What are the great arteries of the heart?
The collective term “great arteries” refers to the two main arteries of the heart, the pulmonary artery and the aorta.
Similarly, the term “great vessels” refers to a collection of the heart’s largest vessels, specifically the superior vena cava, the inferior vena cava, the pulmonary arteries, the pulmonary veins, and the aorta.
Although not technically correct, sometimes the terms great arteries and great vessels are used interchangeably.
What is the aorta?
The aorta, the body’s largest artery, is a blood vessel that transports oxygen-rich blood to the body from the left ventricle. It begins at the left ventricle and extends downwards to the abdominal region. It then splits into the common iliac arteries and branches out.
In medical sources, the aorta is normally described as having four sections, namely the ascending aorta, the aortic arch, the thoracic aorta, and the abdominal aorta.
What is the pulmonary artery?
The pulmonary artery, the second largest artery in the body, is a blood vessel that carries deoxygenated blood to the right and left lungs from the right ventricle.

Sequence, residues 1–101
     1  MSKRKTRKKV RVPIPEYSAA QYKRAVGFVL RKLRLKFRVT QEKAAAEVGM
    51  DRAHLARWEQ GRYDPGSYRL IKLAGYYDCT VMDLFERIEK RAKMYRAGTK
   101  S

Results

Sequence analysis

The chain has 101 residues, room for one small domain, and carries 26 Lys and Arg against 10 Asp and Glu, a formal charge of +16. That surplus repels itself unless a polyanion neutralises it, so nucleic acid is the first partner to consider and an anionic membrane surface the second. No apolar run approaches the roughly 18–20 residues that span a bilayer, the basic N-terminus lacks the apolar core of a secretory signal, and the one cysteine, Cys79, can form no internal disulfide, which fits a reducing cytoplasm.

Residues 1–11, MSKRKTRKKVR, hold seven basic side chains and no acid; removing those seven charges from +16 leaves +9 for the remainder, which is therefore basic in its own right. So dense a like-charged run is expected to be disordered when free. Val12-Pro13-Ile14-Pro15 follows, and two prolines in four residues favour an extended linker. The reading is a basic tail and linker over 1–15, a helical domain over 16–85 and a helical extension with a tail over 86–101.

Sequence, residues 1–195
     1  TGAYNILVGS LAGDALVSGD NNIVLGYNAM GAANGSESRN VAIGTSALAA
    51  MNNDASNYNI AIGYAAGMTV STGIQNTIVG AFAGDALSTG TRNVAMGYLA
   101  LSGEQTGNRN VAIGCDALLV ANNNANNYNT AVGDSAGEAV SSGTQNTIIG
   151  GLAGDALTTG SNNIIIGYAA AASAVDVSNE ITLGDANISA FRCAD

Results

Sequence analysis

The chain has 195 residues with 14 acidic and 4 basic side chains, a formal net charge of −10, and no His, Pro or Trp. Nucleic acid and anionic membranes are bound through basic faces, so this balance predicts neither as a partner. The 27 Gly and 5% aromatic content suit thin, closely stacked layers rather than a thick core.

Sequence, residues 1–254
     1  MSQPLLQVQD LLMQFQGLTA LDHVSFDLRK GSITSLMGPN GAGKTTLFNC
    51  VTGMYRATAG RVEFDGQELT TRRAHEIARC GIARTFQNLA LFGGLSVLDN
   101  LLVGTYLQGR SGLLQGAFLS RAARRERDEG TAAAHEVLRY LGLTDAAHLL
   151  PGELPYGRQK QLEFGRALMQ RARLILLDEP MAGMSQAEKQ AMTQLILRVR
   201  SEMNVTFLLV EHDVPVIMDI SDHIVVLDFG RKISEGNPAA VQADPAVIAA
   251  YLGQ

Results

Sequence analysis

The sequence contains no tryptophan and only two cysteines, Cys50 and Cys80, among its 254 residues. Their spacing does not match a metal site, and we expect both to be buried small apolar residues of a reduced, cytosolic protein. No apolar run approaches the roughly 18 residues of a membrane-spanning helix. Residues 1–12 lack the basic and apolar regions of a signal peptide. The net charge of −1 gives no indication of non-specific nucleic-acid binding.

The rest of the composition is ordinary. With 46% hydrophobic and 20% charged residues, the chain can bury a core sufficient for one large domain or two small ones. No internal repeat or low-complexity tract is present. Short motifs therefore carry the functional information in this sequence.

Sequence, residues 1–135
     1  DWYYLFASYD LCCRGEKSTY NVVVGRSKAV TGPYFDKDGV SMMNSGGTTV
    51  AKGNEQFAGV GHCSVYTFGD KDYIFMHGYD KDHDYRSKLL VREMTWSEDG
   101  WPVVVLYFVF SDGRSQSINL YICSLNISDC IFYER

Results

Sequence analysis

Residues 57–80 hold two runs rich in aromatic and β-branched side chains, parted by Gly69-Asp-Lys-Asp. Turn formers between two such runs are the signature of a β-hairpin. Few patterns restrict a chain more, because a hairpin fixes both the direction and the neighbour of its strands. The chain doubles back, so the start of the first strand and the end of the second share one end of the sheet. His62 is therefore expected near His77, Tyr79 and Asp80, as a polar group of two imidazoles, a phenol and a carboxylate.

It begins at the right ventricle’s base and extends upwards, splitting into two arteries (the left pulmonary artery and the right pulmonary artery) that branch into the corresponding lungs.
The pulmonary artery is the only artery (apart from umbilical arteries) that carries deoxygenated blood.
What is transposition of the great arteries?
When the positions of the aorta and the pulmonary artery are transposed (switched) or reversed, this is known as transposition of the great arteries.
In people with this heart defect, which is rare but sometimes present at birth, the aorta connects to the right ventricle and the pulmonary artery connects to the left ventricle, changing circulatory function and depriving the body of much-needed oxygen. This can be quite serious.